Stem cells located in the brain are able to produce neurons and are therefore seen as a hope for treatment. Now, a team of researchers from the Helmholtz Zentrum München and Ludwig-Maximilians-Universität München (LMU) has now discovered that the self-renewal rate of the stem cells is however limited, explaining why their number drops over the course of a lifetime.
This work lays the basis for further investigation of the signalling pathways that maintain the stem cells.
The generation of neurons, known as neurogenesis, in humans is mainly limited to development. In adults it takes place in only a few regions of the brain. These regions contain neuron stem cells that generate neurons in a process with various intermediary stages.
Stem Cell Renewal is Limited
Until now it was thought that maintaining the stem cell pool was based on the self-renewal of individual stem cells.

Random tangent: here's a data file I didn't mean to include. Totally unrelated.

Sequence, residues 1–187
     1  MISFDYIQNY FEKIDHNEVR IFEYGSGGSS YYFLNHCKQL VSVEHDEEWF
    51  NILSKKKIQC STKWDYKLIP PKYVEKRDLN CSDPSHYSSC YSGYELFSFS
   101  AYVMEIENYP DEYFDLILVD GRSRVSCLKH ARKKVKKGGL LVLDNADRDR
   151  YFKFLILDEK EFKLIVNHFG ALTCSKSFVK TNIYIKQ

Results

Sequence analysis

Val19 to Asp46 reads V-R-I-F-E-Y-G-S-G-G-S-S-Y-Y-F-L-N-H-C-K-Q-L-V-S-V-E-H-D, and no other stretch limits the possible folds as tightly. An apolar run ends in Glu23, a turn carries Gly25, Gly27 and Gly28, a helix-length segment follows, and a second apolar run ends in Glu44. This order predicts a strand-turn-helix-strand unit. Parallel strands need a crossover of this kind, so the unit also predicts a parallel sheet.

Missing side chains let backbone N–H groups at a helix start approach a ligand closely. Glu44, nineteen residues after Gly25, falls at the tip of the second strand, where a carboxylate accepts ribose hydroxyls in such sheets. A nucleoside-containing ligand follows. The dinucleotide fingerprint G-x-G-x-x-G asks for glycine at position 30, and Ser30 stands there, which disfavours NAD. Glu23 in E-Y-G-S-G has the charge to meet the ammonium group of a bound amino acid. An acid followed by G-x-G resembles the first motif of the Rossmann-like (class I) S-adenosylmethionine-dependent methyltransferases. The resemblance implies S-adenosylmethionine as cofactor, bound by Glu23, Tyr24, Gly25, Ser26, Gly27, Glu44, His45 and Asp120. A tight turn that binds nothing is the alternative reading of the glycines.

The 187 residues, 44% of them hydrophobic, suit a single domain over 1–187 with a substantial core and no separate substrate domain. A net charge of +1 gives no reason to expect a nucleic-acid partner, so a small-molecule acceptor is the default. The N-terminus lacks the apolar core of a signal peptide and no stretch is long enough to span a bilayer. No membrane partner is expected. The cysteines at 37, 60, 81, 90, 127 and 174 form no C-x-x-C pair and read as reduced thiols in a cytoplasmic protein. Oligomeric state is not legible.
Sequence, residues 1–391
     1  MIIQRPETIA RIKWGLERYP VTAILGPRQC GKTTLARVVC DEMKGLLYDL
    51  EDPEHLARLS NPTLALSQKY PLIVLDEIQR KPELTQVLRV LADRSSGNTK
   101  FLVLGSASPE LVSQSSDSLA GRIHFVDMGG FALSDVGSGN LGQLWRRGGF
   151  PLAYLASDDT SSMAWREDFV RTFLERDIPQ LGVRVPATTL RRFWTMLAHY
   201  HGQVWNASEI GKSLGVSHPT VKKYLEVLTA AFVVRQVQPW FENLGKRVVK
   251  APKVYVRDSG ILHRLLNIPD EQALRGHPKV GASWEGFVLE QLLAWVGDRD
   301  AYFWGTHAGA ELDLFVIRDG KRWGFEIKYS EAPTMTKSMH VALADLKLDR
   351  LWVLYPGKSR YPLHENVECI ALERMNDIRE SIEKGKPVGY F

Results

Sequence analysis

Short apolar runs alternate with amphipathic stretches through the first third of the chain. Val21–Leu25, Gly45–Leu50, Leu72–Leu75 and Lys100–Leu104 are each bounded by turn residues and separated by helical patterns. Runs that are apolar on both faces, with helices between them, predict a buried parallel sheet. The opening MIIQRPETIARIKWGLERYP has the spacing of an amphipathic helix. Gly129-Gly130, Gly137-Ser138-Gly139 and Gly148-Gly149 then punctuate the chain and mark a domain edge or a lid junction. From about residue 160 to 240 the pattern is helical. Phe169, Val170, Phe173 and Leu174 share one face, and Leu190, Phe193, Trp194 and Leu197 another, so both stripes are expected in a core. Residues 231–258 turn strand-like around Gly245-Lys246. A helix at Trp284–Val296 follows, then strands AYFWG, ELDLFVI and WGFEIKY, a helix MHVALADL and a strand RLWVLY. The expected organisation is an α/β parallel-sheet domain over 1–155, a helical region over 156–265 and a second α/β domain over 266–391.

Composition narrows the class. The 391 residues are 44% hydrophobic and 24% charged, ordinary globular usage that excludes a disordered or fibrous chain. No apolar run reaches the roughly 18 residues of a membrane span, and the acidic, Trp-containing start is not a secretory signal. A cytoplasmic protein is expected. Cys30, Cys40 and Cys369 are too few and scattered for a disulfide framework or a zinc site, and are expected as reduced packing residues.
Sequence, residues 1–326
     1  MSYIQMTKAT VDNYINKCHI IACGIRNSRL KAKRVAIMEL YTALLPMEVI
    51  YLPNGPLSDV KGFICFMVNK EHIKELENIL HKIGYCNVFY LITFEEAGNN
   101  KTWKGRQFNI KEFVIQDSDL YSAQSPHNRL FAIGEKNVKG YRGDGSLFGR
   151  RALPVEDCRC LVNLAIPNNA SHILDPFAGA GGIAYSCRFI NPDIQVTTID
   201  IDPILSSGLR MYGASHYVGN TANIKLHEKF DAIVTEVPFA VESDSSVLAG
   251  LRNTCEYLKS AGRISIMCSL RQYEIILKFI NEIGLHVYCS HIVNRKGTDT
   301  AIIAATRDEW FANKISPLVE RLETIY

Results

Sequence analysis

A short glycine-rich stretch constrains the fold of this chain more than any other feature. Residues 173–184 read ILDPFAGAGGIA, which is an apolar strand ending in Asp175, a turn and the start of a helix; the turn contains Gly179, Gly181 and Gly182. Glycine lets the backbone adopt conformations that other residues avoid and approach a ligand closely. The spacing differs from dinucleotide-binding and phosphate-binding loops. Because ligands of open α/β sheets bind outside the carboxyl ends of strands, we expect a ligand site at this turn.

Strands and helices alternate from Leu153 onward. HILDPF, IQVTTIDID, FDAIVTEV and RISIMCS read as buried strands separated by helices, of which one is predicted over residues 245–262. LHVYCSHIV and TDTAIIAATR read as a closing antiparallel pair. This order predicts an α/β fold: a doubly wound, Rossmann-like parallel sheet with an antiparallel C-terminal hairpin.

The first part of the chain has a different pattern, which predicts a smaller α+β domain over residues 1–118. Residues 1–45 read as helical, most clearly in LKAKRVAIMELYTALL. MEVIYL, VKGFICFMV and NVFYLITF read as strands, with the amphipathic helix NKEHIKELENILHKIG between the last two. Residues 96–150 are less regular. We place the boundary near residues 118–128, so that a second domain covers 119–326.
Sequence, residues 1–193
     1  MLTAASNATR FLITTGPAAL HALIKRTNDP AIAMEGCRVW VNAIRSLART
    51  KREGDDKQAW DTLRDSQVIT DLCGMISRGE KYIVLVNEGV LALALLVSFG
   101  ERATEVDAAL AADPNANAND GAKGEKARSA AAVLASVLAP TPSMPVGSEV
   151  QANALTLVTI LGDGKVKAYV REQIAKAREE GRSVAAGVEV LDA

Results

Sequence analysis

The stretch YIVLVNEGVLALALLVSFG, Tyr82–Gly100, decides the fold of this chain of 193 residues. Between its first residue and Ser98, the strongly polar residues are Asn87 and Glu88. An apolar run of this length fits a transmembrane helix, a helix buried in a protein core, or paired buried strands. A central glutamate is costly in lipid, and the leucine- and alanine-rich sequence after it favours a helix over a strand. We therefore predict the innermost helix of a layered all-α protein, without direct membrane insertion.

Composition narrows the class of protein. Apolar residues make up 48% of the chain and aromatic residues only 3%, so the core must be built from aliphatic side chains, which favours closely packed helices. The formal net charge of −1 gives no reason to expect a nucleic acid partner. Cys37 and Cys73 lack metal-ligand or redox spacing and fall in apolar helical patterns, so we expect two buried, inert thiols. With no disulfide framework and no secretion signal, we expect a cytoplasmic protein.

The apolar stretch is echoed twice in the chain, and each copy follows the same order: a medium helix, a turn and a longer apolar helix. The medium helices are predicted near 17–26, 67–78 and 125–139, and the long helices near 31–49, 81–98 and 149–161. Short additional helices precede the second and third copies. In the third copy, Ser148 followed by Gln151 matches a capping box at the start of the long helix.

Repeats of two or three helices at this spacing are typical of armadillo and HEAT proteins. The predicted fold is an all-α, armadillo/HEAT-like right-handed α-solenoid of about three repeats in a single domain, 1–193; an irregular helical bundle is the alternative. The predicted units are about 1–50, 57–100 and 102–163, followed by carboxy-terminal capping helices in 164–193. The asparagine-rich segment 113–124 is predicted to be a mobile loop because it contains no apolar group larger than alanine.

The team of scientists headed by Dr. Jovica Ninkovic and Professor Dr. Magdalena Götz were able to refute this. Both the self-renewal rate and the diversity of neurons formed from the stem cells are limited, and the number of stem cells decreases with age.
According to first author Dr. Filippo Calzolari:
“Our findings explain why neurogenesis declines in later years, as there are fewer and fewer neural stem cells. At the same time, we gained new knowledge on basic mechanisms of neurogenesis that until now were not understood.”
Approaches to new therapies for brain diseases, such as stroke or dementia, for example, particularly concentrate on replacing lost neurons by stimulating the generation of new cells from stem cells.